First fully functioning Mac OS X ransomware found in the wild
New attack uses ransomware to drop trojans and keyloggers
Researchers have discovered the first known case of fully functioning ransomware targeting Apple's OS X operating system in the wild. Dubbed KeRanger, the malware was spotted lurking on installers for the open-source BitTorrent client application Transmission.
Palo Alto Networks, the security firm responsible for detecting the unprecedented ransomware, reported in a blog post yesterday that KeRanger “was signed with a valid Mac app development certificate; therefore, it was able to bypass Apple's Gatekeeper protection.” Ryan Olson, director of threat intelligence at the Unit 42 research division of Palo Alto Networks, told SCMagazine.com in an interview that the attackers stole the certificate from a company based in Turkey.
Once the infected DMG file is downloaded from Transmission, the malware lies dormant for 72 hours before activating, encrypting the victim's files and demanding one bitcoin worth of ransom. Olson theorized that the ransomware developers didn't want savvy users to immediately link the malware with the downloading of Transmission's peer-to-peer file sharing capabilities. With a three-day delay, “they wouldn't have been able to make the connection back to Transmission so easily,” he explained.
Corey Nachreiner, CTO at WatchGuard, in an email to SCMagazine.com, called KeRanger a “very relevant development in both ransomware evolution and targeted Mac threats… It does strongly encrypt your files, and proves that cybercriminals are expanding their ransomware campaigns to other platforms including Macs.”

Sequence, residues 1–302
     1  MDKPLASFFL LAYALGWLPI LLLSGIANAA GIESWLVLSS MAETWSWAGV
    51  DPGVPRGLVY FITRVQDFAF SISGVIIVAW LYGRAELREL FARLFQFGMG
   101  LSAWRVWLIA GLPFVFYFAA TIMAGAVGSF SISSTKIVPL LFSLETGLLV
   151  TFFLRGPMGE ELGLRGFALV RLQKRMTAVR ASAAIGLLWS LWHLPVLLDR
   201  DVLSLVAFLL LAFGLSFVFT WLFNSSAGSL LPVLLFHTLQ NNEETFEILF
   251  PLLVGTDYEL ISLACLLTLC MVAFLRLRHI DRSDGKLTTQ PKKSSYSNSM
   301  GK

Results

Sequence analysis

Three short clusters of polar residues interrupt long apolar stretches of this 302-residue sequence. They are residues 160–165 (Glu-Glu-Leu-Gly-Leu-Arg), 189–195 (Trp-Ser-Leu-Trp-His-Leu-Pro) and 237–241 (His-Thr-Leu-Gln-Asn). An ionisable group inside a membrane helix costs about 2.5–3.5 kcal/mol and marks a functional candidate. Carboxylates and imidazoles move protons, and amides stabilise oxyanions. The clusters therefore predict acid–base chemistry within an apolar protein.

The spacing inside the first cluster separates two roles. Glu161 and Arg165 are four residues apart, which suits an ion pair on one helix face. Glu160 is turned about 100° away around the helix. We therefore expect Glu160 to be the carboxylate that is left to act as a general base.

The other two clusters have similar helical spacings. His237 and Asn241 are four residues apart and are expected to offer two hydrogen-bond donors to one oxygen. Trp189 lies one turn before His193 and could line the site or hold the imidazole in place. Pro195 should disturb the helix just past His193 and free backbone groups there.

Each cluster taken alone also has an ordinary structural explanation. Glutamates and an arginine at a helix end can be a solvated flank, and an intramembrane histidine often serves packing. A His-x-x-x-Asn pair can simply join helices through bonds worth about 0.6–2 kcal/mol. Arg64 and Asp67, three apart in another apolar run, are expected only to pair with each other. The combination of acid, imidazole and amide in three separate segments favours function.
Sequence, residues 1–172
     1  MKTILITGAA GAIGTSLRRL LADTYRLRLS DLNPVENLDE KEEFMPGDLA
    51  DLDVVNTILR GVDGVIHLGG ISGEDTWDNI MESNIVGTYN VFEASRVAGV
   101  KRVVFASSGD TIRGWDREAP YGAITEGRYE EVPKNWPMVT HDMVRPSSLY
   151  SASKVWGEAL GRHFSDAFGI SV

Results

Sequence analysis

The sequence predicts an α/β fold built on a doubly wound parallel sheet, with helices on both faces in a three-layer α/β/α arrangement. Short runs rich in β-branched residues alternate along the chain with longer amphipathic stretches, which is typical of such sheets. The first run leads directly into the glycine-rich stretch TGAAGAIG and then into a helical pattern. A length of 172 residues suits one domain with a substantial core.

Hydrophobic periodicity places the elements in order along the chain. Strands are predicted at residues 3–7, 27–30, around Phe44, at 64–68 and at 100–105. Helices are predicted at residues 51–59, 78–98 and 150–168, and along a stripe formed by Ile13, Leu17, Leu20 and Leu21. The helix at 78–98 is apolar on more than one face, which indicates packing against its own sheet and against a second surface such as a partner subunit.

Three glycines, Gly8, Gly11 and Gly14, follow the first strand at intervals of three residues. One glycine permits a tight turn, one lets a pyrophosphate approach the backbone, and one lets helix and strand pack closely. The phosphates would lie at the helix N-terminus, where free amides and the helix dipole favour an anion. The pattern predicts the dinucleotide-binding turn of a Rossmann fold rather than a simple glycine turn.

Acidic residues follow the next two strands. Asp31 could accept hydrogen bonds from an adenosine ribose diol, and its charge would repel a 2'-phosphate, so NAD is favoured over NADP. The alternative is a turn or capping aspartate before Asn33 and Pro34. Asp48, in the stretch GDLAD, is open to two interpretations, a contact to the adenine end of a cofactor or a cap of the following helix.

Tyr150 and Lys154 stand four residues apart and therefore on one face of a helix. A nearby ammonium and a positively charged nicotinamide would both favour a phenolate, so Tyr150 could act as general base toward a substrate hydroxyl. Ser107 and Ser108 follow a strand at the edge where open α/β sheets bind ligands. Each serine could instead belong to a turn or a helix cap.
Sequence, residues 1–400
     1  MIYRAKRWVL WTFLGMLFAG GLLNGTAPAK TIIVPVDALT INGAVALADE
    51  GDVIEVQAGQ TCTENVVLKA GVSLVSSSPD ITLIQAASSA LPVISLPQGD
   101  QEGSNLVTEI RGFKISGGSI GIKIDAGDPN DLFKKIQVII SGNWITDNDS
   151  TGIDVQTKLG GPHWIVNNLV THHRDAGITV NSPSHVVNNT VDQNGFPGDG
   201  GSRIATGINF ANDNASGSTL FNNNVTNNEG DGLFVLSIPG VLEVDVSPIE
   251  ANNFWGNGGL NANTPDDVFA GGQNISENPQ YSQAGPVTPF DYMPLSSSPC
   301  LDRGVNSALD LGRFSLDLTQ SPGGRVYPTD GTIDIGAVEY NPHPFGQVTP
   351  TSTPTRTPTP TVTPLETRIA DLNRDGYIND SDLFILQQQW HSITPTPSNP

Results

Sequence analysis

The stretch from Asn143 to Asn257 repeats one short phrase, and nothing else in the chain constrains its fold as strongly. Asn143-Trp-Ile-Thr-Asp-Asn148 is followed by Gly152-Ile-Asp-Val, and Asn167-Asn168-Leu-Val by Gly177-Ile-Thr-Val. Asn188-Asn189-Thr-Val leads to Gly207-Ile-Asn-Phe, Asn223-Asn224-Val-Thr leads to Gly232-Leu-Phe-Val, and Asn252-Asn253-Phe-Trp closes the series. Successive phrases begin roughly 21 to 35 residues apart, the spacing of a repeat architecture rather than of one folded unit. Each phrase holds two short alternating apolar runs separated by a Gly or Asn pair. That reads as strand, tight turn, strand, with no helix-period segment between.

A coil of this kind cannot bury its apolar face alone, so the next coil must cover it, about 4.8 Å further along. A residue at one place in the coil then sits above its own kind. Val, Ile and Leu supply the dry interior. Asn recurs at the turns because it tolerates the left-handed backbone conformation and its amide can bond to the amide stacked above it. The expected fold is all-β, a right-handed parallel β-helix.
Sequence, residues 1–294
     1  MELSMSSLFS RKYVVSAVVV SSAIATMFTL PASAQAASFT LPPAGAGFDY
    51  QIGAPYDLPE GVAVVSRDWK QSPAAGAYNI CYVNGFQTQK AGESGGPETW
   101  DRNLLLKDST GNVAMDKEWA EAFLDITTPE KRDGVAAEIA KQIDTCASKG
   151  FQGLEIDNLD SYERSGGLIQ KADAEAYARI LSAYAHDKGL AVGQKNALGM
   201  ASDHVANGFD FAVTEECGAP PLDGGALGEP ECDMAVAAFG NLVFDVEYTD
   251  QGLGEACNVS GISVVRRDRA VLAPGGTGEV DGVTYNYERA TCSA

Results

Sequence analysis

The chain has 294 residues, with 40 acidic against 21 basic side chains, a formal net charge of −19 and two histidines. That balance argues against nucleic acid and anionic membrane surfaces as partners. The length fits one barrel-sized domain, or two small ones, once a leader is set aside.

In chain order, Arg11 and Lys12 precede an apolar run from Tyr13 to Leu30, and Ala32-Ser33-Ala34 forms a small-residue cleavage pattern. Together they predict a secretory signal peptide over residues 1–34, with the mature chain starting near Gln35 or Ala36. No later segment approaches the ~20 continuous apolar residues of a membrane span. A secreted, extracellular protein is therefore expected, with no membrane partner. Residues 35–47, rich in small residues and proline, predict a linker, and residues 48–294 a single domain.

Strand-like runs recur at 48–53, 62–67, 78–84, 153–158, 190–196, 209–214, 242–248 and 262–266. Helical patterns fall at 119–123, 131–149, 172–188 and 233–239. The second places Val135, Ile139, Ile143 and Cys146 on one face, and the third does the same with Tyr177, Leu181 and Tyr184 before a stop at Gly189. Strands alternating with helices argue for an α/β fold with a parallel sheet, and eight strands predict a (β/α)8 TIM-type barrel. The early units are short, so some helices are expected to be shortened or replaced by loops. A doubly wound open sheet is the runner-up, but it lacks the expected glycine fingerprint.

Apple revoked the fraudulently acquired certificate within 12 hours of KeRanger's discovery, and the Transmission Project was able to remove the malware over the next 32 hours. Transmission also posted the following message on its website, urging customers to upgrade their software: “Everyone running [version] 2.90 on OS X should immediately upgrade to and run 2.92, as they may have downloaded a malware-infected file.”
Approximately 6,500 users downloaded the ransomware, said Olson, but there has yet to be a documented case of KeRanger locking anyone out of their files. This suggests that the ransomware's swift detection and mitigation saved infected users before Keranger could activate itself on anyone's machine.
Considering the effort they put into this scheme, the attackers “probably had a really bummer weekend,” said Olson.
Scott Crawford, research director at 451 Research's Information Security Practice, told SCMagazine.com that Apple did “a pretty good a job in this particular case…minimizing the impact.”
But with the precedent now set, could we begin to witness a sudden surge in ransomware specifically targeting Macs? “I don't think that's going to be the case. Apple still does a pretty good job with barriers to prevent people from running malicious applications on their platform,” said Olson.
Still, noted Crawford, “as penetration of market continues to grow” for Apple, “naturally, they're going to become more of a target.”
“This incident should be a wake-up call to all Mac users that they need additional layers of defense to protect their computers,” said Nachreiner. “Macs are now a big enough market for criminals for care about, so we expect to see more Mac malware in the future.”
Palo Alto Networks noted in its blog that in 2014 Kaspersky Lab discovered FileCoder, another ransomware targeting the OS X platform. However, this program was incomplete and not fully functioning at time of discovery.